The H5N1 bird flu virus has killed 15 wild swans in south-eastern France where two wild ducks and a turkey farm were contaminated by the disease.
News of the death of the swans, found around the numerous ponds that dot the area, underscored the potential for the lethal virus to spread.
On Saturday, authorities confirmed that a nearby turkey farm of more than 11,000 birds had been contaminated, triggering fears of a collapse of the poultry industry in France – the first outbreak of the virus in commercial poultry in the European Union. Some 400 birds had died and the rest were slaughtered.
France, the EU’s largest poultry producer, was working to control damage to poultry farmers. President Jacques Chirac, visiting Paris’ annual agriculture fair, urged consumers not to panic, and to keep eating chicken.
However, Japan – followed by Hong Kong – temporarily banned the import of poultry products from France, including the delicacy foie gras.
The French poultry sector generated more than £2bn (€2.9bn) in revenues in 2004, or more than 20% of total EU production.
The lethal H5N1 bird flu strain has spread from Asia to at least 10 European countries and Africa, and scientists fear it could mutate into a form that is easily transmitted between humans, sparking a pandemic. The disease has killed more than 90 people, mostly in south-east Asia, according to the World Health Organisation.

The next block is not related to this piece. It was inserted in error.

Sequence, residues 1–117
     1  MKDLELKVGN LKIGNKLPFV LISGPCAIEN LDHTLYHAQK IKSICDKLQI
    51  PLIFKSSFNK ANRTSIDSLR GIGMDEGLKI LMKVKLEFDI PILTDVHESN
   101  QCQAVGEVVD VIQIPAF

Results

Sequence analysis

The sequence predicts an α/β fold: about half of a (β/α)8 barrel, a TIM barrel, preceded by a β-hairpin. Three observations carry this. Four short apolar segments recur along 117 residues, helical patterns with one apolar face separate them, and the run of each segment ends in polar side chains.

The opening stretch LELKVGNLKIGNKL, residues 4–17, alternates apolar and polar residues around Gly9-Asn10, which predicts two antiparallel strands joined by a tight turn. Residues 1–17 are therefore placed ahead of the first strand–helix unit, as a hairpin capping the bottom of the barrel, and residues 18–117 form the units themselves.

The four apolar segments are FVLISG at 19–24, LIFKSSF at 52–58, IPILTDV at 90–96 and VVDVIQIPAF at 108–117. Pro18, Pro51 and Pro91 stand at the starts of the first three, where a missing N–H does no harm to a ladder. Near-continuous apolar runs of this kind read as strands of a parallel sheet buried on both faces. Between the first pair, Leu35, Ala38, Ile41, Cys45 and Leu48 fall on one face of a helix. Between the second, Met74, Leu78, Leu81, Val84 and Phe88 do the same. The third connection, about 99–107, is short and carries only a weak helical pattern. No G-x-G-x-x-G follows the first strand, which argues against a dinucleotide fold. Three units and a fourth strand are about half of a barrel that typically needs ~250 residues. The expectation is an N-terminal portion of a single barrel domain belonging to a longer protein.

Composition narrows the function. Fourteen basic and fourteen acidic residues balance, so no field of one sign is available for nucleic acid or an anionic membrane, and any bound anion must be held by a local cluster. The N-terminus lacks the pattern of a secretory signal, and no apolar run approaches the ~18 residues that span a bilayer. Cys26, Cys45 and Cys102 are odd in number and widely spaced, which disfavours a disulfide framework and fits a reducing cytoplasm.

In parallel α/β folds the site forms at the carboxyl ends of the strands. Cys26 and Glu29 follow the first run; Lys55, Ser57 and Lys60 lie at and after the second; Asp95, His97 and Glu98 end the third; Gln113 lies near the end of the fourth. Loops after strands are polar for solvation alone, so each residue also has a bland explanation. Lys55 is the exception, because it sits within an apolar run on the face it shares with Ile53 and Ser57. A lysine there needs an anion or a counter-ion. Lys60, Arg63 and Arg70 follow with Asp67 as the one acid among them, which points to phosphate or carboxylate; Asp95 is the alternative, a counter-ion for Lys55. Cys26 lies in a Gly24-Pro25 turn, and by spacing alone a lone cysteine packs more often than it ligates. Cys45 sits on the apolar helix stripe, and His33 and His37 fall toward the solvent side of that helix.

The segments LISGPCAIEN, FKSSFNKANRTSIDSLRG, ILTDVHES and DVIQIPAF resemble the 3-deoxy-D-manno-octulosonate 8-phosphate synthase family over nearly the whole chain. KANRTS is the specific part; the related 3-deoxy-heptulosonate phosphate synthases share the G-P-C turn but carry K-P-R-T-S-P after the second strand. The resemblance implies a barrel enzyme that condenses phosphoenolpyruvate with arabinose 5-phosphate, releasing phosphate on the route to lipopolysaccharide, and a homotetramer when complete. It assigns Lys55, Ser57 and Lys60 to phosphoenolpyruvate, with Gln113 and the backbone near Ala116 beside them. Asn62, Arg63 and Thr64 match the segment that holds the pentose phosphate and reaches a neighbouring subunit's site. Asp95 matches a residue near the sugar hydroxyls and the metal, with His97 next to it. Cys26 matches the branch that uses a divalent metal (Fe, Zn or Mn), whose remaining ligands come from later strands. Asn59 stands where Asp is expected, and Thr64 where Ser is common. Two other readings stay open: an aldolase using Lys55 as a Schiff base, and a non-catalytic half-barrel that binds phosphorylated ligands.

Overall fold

A ministry statement said the swans were found near Joyeux, where two wild ducks died of the H5N1 virus. Laboratory analyses revealed that the virus showed a “very strong” genetic link to that found in one of the ducks, the ministry added.
Emergency measures are already in force in the region where the dead swans were found, but the protection zone was enlarged to include 160 towns and hamlets, the ministry said.
Authorities issued a series of extra measures on Saturday that included confining all poultry, reducing traffic in and out of farms to a “strict minimum” and using disinfectant baths for farmers and others who handled poultry.
A regional directive issued yesterday limits access by individuals to the many ponds and swamps in the region which draw migratory birds, stipulating that no one can get closer than 100 meters (328 feet) to the bodies of water.
Michel Fuzeau, the prefect, the highest state representative in the region, said there was a fear of contamination from bird droppings found on the edge of the ponds, where he said there has been a high mortality rate for birds.
But he stressed that there was no risk to strollers.
“There is a risk to the health of the birds” and a spread of the virus to poultry farms, he said on France-Info radio.
“What we are trying to protect is the (poultry) stock,” he added.